It seems a little tasteless to be too upset about ISIS’s capture of the Syrian city of Palmyra. Its Greco-Roman ruins are rocks, after all, and tearing down antiquity pales beside ISIS’s other behavior, like throwing gay men off buildings and burning POWs alive. But there is certain appropriateness that man’s most modern political creation may well wind up destroying the last civilized remnants of one of its oldest.
If ISIS wants to destroy Palmyra, of course, it can. The American campaign against it is becoming alarmingly similar to its campaign against Iran’s nuclear program — a serial procession of stout denial, lukewarm resistance, tacit acceptance and finally righteous acceptance.
Barring a massive deployment of U.S. ground forces to Iraq and Syria, there is probably no solution to ISIS short of essentially a Shiite-led genocide. Syrian President Bashar Assad, who is leading efforts to liberate Palmyra, favors a counterinsurgency strategy based on dropping barrels of rocks from helicopters. Nobody in this fight is exactly covering themselves with modernity.
A favorite theme of Michael Crichton, the pessimistic author of Jurassic Park, was that humanity’s moral progress had not kept up with its technological progress. As a result, there was a dangerous disparity between people’s ability to do something and their judgment of whether it should be done, and so they built dinosaurs that ate them. Crichton’s thesis might be true for certain medical advances and weapons systems, but perhaps even more so for our modern political movements like radical Islam.
If you think about the dimensions of states and the conduct of wars in the past, from Henry V to Hitler, conflict has become more savage as political groupings have grown larger. That is, a perverse effect of being able to communicate and organize and empathize with more and more people may be increased hostility towards the remainder.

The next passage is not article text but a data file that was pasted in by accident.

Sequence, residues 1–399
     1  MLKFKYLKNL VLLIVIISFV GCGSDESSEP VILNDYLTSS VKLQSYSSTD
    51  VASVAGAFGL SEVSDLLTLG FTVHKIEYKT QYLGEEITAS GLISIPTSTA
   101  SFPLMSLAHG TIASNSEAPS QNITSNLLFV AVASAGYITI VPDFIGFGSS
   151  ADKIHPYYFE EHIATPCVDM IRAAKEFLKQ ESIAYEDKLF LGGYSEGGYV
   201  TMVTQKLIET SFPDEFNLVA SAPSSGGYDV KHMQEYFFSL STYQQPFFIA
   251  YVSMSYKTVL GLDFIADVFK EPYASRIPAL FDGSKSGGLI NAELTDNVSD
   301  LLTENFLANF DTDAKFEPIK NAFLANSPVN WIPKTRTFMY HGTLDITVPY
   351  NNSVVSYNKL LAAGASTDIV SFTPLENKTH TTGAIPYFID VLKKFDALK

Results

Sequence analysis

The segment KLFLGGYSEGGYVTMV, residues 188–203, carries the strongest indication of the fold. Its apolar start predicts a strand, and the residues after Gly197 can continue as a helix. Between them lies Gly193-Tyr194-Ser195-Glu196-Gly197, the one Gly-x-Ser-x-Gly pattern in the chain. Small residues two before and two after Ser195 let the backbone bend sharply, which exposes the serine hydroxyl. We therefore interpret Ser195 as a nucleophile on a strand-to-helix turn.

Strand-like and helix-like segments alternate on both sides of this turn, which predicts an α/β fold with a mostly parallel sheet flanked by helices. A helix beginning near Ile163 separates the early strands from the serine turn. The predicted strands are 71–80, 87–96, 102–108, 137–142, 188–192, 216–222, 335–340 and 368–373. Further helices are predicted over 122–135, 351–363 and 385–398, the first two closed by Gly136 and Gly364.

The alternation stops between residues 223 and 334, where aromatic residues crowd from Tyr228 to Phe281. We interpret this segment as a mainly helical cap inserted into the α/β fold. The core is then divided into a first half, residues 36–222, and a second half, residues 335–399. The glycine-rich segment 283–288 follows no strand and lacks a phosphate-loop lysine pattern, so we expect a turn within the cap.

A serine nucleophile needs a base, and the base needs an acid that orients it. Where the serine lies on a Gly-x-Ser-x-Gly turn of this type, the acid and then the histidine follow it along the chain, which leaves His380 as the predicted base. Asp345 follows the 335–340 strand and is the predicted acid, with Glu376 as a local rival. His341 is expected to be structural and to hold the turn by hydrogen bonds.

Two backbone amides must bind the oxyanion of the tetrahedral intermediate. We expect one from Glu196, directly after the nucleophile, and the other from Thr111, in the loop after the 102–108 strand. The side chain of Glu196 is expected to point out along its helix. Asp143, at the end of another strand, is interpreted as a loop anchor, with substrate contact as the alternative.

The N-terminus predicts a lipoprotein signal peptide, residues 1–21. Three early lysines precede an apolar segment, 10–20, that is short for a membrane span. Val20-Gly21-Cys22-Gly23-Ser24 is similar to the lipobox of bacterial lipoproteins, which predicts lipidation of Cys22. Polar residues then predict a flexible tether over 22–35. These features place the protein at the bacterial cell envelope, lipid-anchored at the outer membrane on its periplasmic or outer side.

ISIS controls a relatively small amount of territory. But the political phenomenon that spawned it — a particularly virulent strain of Islamism — is quite large, far larger than the various nationalisms that led to the 19th and 20th century’s wars. Those in turn were larger than the 18th century’s aristocracies and the monarchies which came before, and it is at least arguable that as each polity has enfranchised more people, humans have become more barbarous towards each other. The Napoleonic wars, after all, were not wars of extermination. The ISIS wars apparently are.
Believers in human progress will dispute this, and point to the declining death toll from war as proof of mankind’s small steps forward. That may be true. At least the later decades of the 20th century were less violent than the earlier ones. But it is striking that modern atrocities are often less organized and more barbarous than they used to be. Most of the genocides of the 20th century were committed by starvation, firing squad and gas chamber. Those of the 21st century have been committed by machete and rape.
Nor is it enough to say we should bridge that gap, and empathize more with our fellow man. The U.S. is fighting its third Iraq war because of the Kurds and the Yazidis, a minor sect that had never before interfaced with the American hive-mind in any shape, form or tweet. Last August, the White House started paying attention to Iraq in earnest because the Yazidis were trapped on a mountain with every indication that if they fell into the hands of ISIS they would die horribly. It’s not clear what empathy would have brought us. And since Americans, as part of our liberal Western tradition, are trying to use our superpower to bring justice to the world, we began to conduct airstrikes shortly after.
As it happened, those were measures that Assad had escaped a year earlier when he was gassing his own citizens. Obama held off bombing Syria for a variety of reasons, but there must surely have been something reassuring about Assad committing his genocide in a very 20th century fashion. The Kaiser used gas! And he wasn’t a maniac. Assad is a bastard, but you can work with him. It’s awfully reassuring to have your villains bounded so nicely by their humanity. There’s no such reassurance with ISIS.
ISIS is a horror, because it is both new and old. It is one more step back toward the pre-civilization before Palmyra. Modernity was not supposed to be temporary, and yet somehow it is. Secretary of State John Kerry called Vladimir Putin’s invasion of Ukraine 19th century behavior, and he was right. But give Putin credit for only going back one century, not a dozen. Admirable restraint, you might say, for a man ahead of the curve.
It is thus quite fitting that ISIS has captured Palmyra. Yes, its troops may destroy the city’s Roman ruins, as the Taliban did to the Bamiyan Buddhas in Afghanistan, and that would certainly be tragic. Those statues are a remnant, after all, of a civilization that stood for man’s first attempt to move humanity forward out of barbarism. But it would also be quite appropriate for Palmyra’s remaining Roman icons to be destroyed on our quick journey back.
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